Since initial introduction in the early 1970s, airbags have gone under numerous revisions and improvements to safety. Despite these improvements, in 2016, malfunctions in this technology still remain, most recently with airbag maker Takata having to issue the largest recall in history, involving over 28 million cars and with an associated death toll of at least 11 so far.
Assistive Braking Systems (ABS) doesn’t enjoy a clean record, either. Numerous studies have indicated that ABS systems can actually cause a higher incidence of dangerous vehicle rollovers in certain situations.
Despite these edge cases of malfunction, or risks in marginal conditions, both airbags and ABS technologies enjoy a ubiquitous presence in cars. In fact, most consumers would simply not buy a car without these features today. It’s recognized that, while not perfect, these systems on the balance provide greater safety than otherwise. Malfunctions have dogged both technologies for decades, but nobody has thrown out the baby with the bath water, so to speak.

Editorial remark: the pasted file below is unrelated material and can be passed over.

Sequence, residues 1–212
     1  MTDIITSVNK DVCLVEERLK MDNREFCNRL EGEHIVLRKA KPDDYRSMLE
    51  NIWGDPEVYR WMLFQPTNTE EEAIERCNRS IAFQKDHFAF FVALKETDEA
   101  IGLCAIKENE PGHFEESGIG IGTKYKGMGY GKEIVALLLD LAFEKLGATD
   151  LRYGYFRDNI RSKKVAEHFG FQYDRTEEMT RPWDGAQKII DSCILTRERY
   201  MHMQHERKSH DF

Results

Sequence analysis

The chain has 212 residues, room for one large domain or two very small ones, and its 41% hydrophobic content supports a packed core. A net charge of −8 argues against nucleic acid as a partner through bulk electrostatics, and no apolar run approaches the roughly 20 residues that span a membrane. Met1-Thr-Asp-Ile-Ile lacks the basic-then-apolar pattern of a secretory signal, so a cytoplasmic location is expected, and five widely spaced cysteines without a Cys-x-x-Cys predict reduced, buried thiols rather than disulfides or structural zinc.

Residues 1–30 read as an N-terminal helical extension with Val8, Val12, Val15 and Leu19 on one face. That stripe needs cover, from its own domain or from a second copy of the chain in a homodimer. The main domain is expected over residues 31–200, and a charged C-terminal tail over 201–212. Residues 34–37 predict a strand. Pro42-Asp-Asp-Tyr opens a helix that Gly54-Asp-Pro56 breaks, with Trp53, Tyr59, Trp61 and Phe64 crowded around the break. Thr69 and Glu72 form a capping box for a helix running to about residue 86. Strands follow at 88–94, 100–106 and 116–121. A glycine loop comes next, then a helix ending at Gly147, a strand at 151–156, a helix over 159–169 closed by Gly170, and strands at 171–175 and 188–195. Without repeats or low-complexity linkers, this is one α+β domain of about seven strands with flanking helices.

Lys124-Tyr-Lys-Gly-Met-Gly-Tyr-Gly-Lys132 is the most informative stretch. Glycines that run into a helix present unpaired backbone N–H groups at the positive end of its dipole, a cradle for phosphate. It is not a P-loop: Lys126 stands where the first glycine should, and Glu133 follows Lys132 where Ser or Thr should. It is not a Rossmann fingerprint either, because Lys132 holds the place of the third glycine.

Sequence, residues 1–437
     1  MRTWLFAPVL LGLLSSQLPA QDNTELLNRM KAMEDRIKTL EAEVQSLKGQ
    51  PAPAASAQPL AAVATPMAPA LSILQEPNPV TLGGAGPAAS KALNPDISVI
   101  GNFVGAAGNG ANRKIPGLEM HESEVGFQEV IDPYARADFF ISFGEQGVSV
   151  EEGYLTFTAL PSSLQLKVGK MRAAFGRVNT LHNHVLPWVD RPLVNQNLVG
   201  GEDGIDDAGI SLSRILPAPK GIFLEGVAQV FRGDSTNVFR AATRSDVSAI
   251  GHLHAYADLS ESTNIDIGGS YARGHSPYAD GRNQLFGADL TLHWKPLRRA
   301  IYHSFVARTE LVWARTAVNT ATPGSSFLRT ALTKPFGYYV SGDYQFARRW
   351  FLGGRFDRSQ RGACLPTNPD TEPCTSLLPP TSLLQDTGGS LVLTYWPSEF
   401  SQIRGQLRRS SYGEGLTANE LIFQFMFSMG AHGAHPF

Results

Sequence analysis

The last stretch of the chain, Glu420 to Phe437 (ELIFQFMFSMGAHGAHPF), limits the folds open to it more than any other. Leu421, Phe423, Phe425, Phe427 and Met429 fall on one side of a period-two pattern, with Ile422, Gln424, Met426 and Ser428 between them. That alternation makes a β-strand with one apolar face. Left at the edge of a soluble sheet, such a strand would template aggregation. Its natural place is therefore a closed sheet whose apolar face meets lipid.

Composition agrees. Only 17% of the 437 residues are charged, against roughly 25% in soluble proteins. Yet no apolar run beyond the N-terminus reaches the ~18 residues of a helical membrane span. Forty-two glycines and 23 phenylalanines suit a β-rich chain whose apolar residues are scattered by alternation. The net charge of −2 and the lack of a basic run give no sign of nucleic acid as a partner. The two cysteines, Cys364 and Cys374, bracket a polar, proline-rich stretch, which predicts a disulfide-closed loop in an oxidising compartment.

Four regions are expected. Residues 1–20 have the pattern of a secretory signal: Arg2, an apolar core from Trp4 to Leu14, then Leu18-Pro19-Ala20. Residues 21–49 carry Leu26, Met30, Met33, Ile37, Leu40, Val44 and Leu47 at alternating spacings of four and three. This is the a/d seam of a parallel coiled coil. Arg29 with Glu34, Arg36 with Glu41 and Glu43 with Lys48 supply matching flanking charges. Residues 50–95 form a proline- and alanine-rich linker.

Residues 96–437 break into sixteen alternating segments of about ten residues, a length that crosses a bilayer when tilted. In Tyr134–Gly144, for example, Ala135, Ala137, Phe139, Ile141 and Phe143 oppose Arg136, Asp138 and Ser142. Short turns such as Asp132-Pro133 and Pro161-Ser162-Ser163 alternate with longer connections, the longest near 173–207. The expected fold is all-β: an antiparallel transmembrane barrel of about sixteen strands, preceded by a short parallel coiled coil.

Yet here we are with what amounts to more advanced versions of cruise control — which some companies have branded “autopilot” or “autonomous” to appeal to our ever-increasing “technophilia” — and we hold it up to a far higher standard than these preceding technologies. Broken down into constituent parts, these systems could be called things like “blind-spot warning system” and “rear-end collision avoidance” and they would likely be embraced eagerly. But when brought together under such terms as “artificial intelligence” or “self-driving,” people seem to immediately gain a sense of unease about the whole affair.
The fact of the matter is that our vehicles are creeping up a trajectory of better safety through technology that we’ve always been on. Rolling out new solutions will always have unfortunate growing pains that sadly result in the loss of human life, but the stark reality is that they always have. Our inherent anxiousness or even fear of cars taking away our control of the vehicle is unfounded, because, in many ways, we’ve already let them.